murmuring in a string ostinato, with an exquisitely tender lament in
the solo violin. It is a tribute to a fallen violinist friend. Nocturne for
Cello and String Orchestra is Kinsella’s equivalent to Samuel Barber’s
Adagio for Strings. It is ravishingly beautiful. Elegy for Strings is the moving
slow movement of the Ninth Symphony recast as a free-standing
work. This well-played 2158 CD is worth the search.
%% begin author supplied (4/9/15) as replacement section
The acknowledgment of Sibelius is explicit in the Seventh, about
which Kinsella wrote, ‘‘It would be true to say that this work was
written with a keen awareness of Sibelius’ Seventh Symphony’’. This
is in the way of homage rather than imitation. The same is true of the
Bruckner influence, evident in Kinsella’s ability to build symphonic
moments of overpowering mass and uplift. He wrote that ‘‘parts of
my Third Symphony visit Bruckner’s sound world . . . The work is
entitled ‘Joie de Vivre’ but it is about the joy of ‘Being alive’ rather than
the standard interpretation of that phrase’’. Dedicated to his parents,
‘‘Part one is the masculine section’’, he writes, ‘‘part two is the femi2161
nine’’, and he is the coda.
The brilliance of his highly imaginative, fantastical orchestration did
not lead me to think of Stanford, but ofBerlioz. A first-chair musician
from a major orchestra to whom I introduced the Kinsella symphonies,
wrote to me: ‘‘He certainly loved the bassoon, I must say. He’s like Mahler
was to the trumpet towards the bassoon. Even within familiar tonal language,
he strikes me as quite unique in the colors and feelings he achieves. That’s hard
2162 to do standing on the shoulders of so many greats that came before’’.
%% where is preceding text 2155 to be cut? why italics?
This is viscerally thrilling music, thoroughly engaging, rhythmically
propulsive, and essentially lyrical. By emphasizing the massive, electrifying
deployments of brass and timpani, I do not mean to slight
Kinsella’s equally effective evocations of stillness and joy. The performances
by the RTÉ National Symphony Orchestra must have warmed
the composer’s heart. By all means (and you can easily find it on the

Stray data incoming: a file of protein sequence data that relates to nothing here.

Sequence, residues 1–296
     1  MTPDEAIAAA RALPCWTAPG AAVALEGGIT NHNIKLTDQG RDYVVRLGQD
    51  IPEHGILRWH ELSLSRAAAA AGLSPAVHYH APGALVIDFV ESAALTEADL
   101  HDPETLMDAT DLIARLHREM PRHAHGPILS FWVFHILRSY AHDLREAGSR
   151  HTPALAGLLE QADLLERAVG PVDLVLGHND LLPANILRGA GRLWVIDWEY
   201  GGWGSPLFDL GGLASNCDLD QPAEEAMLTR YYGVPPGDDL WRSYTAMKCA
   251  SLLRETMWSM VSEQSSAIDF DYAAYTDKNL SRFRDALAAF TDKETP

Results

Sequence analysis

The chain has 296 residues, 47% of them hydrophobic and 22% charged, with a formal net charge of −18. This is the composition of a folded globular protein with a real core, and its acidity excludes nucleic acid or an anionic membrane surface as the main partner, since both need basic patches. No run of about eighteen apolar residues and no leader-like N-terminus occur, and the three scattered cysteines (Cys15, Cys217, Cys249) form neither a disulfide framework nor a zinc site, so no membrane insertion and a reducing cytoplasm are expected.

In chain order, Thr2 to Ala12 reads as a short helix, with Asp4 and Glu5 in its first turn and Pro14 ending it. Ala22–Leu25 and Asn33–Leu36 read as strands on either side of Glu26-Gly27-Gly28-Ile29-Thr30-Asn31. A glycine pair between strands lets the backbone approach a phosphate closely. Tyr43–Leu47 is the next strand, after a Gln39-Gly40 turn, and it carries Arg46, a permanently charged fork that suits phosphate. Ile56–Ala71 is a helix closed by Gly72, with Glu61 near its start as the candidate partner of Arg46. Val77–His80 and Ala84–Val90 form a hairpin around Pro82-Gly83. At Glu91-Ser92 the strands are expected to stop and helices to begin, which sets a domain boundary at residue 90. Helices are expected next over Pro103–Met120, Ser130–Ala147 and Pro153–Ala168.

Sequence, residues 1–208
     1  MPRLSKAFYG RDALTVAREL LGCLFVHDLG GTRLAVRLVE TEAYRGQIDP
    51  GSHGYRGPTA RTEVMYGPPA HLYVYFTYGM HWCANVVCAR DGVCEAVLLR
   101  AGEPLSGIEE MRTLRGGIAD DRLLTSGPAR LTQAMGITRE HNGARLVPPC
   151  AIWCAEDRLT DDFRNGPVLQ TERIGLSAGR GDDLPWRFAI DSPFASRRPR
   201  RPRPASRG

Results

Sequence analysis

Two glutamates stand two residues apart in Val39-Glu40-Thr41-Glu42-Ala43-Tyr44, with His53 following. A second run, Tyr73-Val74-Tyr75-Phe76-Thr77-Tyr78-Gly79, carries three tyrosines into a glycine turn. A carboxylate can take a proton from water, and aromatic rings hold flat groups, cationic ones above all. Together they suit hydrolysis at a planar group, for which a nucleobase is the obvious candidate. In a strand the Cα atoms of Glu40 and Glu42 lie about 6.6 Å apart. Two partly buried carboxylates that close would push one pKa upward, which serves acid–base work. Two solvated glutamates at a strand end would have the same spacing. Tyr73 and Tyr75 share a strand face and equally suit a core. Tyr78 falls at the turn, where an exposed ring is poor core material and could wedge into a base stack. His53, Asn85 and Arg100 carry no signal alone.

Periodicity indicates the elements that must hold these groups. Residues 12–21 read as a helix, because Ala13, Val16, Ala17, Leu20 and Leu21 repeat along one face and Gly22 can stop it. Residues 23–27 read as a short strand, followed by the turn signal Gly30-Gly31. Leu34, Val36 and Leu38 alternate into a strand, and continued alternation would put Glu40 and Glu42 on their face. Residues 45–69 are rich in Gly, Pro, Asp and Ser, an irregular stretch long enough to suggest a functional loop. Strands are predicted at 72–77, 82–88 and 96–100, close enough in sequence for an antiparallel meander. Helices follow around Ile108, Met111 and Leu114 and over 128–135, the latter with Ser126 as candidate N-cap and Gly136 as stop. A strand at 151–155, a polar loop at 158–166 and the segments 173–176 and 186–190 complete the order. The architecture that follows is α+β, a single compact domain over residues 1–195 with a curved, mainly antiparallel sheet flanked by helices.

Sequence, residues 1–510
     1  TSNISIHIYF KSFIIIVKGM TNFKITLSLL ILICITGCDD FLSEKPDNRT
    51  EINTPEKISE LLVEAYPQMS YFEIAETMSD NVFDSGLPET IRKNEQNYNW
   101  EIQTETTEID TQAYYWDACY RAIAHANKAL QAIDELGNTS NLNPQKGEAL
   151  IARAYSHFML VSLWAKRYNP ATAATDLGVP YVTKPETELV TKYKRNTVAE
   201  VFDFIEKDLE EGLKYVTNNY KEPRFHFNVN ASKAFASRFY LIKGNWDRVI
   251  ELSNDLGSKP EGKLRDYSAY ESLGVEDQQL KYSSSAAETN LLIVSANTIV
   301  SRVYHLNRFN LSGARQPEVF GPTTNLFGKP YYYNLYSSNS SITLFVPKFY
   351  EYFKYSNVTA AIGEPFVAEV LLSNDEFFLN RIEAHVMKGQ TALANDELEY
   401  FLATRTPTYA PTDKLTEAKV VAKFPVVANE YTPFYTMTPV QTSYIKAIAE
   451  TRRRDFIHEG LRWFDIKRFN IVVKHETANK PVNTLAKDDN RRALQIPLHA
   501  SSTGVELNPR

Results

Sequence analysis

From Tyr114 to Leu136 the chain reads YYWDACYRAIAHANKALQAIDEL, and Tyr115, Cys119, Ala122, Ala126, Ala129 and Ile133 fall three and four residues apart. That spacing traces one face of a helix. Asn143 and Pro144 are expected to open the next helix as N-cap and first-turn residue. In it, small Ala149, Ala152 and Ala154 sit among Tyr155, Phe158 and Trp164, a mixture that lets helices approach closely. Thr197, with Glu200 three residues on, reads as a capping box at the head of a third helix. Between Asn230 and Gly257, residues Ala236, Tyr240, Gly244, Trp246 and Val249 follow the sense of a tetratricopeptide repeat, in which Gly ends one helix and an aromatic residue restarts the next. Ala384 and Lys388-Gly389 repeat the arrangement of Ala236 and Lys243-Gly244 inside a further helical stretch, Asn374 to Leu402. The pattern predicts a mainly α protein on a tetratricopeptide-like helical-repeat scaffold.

Internet), obtain a copy of this RTÉ lyric fm CD, so that you can hear
what I am talking about. Then see if you can track down a copy of the
2163 Marco Polo CD.
More of the still and contemplative side of Kinsella is available on a
CD from the Irish Chamber Orchestra on its own ICO label, (available at: http://www.irishchamberorchestra.com/backstage/purchase-cd/ or
at Amazon.co.uk, or as MP3 from Amazon and other internet sites).
The CD is titled ‘‘Hommage: John Kinsella’’, and offers some wonderful
string music: Symphony No. 9; Hommage a Clarence; Nocturne
for Cello and String Orchestra; Elegy for Strings; and Prelude and Toccata
for String Orchestra. I wondered how Kinsella, shorn of his virtuoso
abilities for orchestration, would fare with strings alone. The answer
is: quite as well as did Britten, Holst, or Bridge 2164 in their string works.
The Symphony is actually quite spirited, with an infectious rhythmic
vivacity, and highly transparent writing that plays off both Johann
Cruger’s and J. S. Bach’s versions of the hymn tune Jesu meine Freude.
The Presto impetuoso movement is pure exhilaration. The still part
comes in the deeply ruminative Largo, which is almost Arvo Part-like
2165 in its approach to the very edge of silence.
This is followed by a highly animated Allegro, and capped offwith a
sprinting Vivace. Hommage begins with Sibelian murmuring in a string
ostinato, with an exquisitely tender lament in the solo violin. It is a
tribute to a fallen violinist friend. Nocturne for Cello and String Orchestra
is Kinsella’s equivalent to Samuel Barber’s Adagio for Strings.
It is ravishingly beautiful. Elegy for Stings is the moving slow movement
ofthe Ninth Symphony recast as a free-standingwork. This well-played
2166 CD is worth the search.
Digital Classics ( JBCC 083) offers Kinsella’s Cello Concerto,
written for cellistCarlos Prieto in 2000, accompanied by Shostakovich’s
Cello Concerto no. 1 and Celso Garrido-Lecca’s Cello Concerto, with the Orquesta Sinfonica de Xalapa, under Luis Herrera de la Fuente.
Kinsella’s 25-minute virtuoso work is almost like one giant cadenza,
with an incredibly long-lined and verymemorable melody for the cello,
fabulously framed with his imaginative orchestration. But clearly the
2169 cello is the star here. Why isn’t this work in the repertory?
Does Ireland know what a treasure it has in this man’s music? It
2170 should tell the world.